A walrus was falling to its death from the top of a cliff because its natural habitat had melted away.
This was a heartbreaking scene in David Attenborough’s ‘Our Planet’ TV series. It was one of many illustrations of the impact of climate change that have entered the public consciousness in recent times.
Climate change and the risk of extreme weather events rank among people’s top concerns, according to the World Economic Forum’s Global Risks Perception Survey. Previously, ‘Blue Planet II’ brought the scale of pollution in our oceans to our screens.
As awareness around climate change has increased, so many investors have started to consider more carefully how to put their money to work in a way that does not harm the environment. And how they can invest in companies that actually help to mitigate the risk of climate change.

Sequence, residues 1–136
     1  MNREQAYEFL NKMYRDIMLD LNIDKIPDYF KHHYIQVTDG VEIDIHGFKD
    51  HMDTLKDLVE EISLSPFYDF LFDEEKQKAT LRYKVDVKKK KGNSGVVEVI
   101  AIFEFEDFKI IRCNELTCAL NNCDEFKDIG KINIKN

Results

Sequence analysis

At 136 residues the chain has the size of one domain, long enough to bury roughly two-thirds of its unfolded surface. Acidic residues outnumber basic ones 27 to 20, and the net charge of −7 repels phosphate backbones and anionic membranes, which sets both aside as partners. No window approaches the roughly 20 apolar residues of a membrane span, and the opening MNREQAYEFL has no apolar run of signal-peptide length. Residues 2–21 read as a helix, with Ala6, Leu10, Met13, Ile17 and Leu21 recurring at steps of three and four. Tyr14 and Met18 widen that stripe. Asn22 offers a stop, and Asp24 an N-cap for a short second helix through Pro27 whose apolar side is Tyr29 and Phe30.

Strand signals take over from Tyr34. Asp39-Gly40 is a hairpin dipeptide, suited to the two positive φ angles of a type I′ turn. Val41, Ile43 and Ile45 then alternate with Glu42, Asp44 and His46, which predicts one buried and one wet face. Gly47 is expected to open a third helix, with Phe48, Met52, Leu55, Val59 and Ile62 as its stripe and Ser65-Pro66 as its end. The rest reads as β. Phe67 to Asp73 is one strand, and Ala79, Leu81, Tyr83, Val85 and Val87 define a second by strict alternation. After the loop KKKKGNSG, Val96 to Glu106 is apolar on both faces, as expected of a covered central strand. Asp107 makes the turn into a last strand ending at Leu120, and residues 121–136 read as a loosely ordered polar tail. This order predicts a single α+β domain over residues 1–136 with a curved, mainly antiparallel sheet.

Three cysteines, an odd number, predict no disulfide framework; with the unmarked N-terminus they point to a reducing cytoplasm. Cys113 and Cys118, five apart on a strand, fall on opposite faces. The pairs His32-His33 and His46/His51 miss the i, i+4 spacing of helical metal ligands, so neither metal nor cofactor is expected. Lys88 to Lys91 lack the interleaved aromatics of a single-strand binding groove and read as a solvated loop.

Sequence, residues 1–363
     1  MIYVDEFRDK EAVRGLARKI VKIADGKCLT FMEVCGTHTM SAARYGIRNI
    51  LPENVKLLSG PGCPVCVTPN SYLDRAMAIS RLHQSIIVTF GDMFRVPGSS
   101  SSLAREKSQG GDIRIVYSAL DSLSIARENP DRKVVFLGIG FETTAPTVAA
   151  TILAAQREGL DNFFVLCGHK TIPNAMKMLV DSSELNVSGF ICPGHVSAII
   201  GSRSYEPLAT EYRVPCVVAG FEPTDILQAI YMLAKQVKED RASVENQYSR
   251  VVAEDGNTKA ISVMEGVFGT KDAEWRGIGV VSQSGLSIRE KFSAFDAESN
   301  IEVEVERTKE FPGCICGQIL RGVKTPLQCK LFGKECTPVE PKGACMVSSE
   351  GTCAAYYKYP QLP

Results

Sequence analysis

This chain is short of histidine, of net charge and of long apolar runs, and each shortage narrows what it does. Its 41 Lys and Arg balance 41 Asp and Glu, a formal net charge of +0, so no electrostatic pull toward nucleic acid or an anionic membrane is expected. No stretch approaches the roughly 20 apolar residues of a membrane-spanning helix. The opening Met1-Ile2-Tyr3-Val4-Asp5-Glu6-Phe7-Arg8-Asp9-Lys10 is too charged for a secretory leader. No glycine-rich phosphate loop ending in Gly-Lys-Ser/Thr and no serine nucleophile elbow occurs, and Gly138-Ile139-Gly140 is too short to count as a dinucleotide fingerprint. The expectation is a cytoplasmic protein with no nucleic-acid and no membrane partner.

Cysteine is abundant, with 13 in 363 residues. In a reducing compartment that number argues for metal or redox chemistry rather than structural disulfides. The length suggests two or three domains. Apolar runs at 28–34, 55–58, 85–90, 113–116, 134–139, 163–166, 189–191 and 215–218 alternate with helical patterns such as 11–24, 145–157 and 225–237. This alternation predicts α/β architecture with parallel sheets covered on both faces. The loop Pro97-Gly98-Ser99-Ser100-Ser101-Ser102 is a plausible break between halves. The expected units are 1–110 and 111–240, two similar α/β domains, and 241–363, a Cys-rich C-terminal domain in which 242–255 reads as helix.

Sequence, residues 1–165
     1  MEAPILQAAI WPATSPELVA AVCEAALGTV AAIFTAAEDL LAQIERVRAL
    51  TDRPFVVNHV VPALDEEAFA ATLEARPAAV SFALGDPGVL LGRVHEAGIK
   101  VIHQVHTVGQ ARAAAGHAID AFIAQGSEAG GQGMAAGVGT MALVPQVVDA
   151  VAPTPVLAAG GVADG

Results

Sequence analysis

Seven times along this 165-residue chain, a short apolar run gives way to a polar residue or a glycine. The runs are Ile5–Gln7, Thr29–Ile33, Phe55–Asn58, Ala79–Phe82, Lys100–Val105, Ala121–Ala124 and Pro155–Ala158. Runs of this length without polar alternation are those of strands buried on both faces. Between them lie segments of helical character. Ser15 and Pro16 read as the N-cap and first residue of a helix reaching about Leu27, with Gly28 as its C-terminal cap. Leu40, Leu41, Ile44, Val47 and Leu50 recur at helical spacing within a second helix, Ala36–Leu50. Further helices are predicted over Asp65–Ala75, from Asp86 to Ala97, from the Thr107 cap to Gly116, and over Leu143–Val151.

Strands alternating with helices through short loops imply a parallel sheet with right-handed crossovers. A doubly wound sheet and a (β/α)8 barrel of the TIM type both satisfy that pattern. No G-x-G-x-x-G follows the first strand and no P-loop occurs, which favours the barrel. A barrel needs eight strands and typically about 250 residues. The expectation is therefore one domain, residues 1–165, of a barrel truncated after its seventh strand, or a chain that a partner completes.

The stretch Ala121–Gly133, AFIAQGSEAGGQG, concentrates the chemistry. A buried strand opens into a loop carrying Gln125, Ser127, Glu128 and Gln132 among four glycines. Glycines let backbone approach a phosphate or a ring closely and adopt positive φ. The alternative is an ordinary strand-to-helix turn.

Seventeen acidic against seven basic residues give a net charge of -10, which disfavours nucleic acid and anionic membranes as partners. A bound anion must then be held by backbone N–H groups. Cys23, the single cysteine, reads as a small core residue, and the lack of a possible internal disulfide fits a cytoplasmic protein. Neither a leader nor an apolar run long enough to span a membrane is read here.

People of all ages make small changes in their daily lives to be less wasteful. Meanwhile, more and more investors are taking a closer look at where their money is going and what it is used for.
According to a recent Schroder’s Global Investor Study (illustrated), 75% of people who invest say that in the last five years, sustainable investments have become more important to them.
While all of this sounds warm and fuzzy, many people wonder if socially responsible investing is a winning investment strategy.
Unfortunately, there is no perfect answer to that question.
Though it is entirely possible that investments in socially responsible companies will provide investment returns comparable - or even better - to the general market, these businesses experience the same ups and downs as anyone else.